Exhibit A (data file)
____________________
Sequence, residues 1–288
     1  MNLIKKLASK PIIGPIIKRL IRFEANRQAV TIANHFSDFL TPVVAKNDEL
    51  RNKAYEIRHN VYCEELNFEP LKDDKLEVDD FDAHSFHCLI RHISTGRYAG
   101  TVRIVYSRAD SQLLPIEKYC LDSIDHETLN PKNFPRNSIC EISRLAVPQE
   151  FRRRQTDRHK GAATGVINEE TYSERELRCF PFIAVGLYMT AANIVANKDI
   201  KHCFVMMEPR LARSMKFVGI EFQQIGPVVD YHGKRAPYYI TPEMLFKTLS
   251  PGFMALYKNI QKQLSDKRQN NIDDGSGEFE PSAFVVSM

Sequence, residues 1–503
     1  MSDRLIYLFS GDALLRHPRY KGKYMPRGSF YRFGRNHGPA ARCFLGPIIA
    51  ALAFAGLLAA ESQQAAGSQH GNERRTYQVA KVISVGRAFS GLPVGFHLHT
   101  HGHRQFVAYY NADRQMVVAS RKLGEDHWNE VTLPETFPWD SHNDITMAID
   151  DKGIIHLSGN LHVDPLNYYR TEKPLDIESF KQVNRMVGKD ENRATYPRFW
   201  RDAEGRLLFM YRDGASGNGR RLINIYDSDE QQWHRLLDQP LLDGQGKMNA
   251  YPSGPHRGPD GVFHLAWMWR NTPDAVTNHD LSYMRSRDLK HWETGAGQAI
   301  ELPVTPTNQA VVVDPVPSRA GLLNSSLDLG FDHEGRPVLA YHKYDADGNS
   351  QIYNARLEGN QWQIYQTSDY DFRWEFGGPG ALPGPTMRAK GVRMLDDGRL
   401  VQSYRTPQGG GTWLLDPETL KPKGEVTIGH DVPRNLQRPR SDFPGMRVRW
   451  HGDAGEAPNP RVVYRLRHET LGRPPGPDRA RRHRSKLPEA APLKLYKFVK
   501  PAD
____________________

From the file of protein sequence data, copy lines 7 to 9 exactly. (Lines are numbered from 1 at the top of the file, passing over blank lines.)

   251  PGFMALYKNI QKQLSDKRQN NIDDGSGEFE PSAFVVSM

Sequence, residues 1–503
     1  MSDRLIYLFS GDALLRHPRY KGKYMPRGSF YRFGRNHGPA ARCFLGPIIA